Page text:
Hard – village life and rule in the Middle Ages

Historical sites


Hard is the only deserted medieval town or village in Austria that has been completely excavated. As a result, the finds give us a detailed picture of life in the Middle Ages.

Between 1977 and 1999, the deserted village of Hard bei Thaya was investigated by archaeological excavations led by Fritz Felgenhauer and his wife Sabine Felgenhauer-Schmiedt. One of the most important findings of the dig was that the medieval settlement of Hard developed in two stages.

The older settlement
Hard was first mentioned in Prima Fundacio, a tithe register from the late 13th century. The older Hard (Kleinhard) of the 12th and 13th centuries was a stone house measuring 24 x 8 m that consisted of one room and a tower with several storeys. It was probably built by a follower of the nobleman von Raabs. Those who used the room included a blacksmith. Pollen analysis provided evidence of forest clearings used for arable and livestock farming.

The newer settlement
When the stone house was abandoned around 1240, a ‘cul-de-sac village’ (a kind of circular village) developed about 100 metres to the south. The ten houses stood in two rows facing each other on their gable ends. At the south end was a village square with a well, adjoined by a manor house. The farmhouses were wooden structures built on drystone foundations. They had two rooms, were used for living and storage, and consisted of three parts with a central entrance area or an attached stable. A ground-level hearth or cupola oven was used for heating and cooking. Archaeological finds suggest that a farrier or blacksmith worked in one of the houses.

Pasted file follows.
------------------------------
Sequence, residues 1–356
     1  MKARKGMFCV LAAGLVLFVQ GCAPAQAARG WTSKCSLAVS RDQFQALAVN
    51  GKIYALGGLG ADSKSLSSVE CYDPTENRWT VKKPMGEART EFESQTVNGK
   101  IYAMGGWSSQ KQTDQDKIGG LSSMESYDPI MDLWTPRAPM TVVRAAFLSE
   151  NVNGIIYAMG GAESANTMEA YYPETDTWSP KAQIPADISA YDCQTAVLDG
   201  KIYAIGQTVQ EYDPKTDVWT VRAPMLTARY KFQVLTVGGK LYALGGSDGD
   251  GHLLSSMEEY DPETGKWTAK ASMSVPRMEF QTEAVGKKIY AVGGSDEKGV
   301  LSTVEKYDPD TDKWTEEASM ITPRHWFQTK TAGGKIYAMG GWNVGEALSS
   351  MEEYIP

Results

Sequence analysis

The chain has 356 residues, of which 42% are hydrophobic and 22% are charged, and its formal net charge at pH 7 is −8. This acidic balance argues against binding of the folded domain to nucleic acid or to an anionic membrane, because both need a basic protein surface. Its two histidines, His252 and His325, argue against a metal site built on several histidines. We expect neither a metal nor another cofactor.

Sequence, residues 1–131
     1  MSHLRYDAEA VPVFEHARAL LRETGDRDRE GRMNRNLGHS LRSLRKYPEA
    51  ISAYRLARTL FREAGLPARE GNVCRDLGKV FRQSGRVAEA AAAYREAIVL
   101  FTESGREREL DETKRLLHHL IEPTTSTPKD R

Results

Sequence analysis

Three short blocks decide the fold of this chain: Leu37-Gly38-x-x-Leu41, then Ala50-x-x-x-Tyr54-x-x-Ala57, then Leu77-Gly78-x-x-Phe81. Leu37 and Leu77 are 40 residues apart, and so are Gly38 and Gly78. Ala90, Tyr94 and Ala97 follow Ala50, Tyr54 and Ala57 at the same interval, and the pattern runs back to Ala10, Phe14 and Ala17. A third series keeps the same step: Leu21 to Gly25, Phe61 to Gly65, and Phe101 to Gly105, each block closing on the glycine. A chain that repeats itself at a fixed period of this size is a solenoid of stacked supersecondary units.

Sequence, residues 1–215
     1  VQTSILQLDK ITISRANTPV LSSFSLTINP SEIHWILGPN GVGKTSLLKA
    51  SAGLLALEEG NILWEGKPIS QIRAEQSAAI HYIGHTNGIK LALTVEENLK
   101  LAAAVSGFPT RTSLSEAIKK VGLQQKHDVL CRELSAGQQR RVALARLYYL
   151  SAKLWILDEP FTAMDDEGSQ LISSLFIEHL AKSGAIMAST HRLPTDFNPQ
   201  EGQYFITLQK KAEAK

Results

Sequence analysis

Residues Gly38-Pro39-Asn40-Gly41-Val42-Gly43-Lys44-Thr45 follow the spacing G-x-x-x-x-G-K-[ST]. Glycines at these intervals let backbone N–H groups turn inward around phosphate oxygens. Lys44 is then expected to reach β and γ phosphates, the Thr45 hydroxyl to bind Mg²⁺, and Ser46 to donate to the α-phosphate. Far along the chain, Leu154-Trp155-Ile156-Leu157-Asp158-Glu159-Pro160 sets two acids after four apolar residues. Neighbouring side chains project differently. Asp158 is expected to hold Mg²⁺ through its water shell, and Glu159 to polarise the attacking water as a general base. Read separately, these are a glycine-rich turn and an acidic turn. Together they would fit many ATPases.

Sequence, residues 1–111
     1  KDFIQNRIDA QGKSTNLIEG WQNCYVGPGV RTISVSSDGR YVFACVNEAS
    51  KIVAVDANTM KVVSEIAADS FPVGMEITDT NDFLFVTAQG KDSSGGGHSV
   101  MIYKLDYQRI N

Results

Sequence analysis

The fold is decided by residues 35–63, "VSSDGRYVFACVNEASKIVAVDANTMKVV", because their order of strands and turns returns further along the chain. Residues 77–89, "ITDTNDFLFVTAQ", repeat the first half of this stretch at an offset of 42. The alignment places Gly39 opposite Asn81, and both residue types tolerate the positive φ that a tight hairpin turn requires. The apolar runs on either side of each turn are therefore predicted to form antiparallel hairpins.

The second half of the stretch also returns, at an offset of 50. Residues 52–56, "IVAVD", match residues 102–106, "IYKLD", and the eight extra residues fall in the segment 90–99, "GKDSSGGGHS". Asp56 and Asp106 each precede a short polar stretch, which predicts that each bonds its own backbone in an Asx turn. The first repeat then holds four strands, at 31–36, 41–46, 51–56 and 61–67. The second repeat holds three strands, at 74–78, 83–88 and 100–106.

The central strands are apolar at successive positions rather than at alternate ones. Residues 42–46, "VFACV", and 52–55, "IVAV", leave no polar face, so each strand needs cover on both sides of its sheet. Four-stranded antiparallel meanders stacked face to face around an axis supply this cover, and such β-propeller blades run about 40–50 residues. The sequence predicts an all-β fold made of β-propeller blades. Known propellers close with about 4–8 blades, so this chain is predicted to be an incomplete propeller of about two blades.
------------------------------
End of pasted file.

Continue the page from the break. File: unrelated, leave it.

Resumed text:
The manor house, which had its own well, was surrounded by a shallow ditch and built on three sides. The ground-level floors were mainly used for business purposes, the upper floors as living space. In terms of their social standing, the inhabitants were somewhere between farmers and the lower nobility. This is also shown by the finds, which indicate a sophisticated style of living, writing and leisure activities. It is unclear whether the inhabitants were subjects of the Babenbergs, Hirschbergs or the counts of Plain-Hardegg. The village was abandoned by its inhabitants during the 14th century. Other neighbouring villages were also abandoned, probably to create larger forest areas that were more economically viable.

Location and how to get there

  • Contact

    Hard – dörfliches Leben und Herrschaft im Mittelalter

    3842 Thaya

    Phone: +43 2842 52663

    E-Mail: gemeinde@thaya.gv.at

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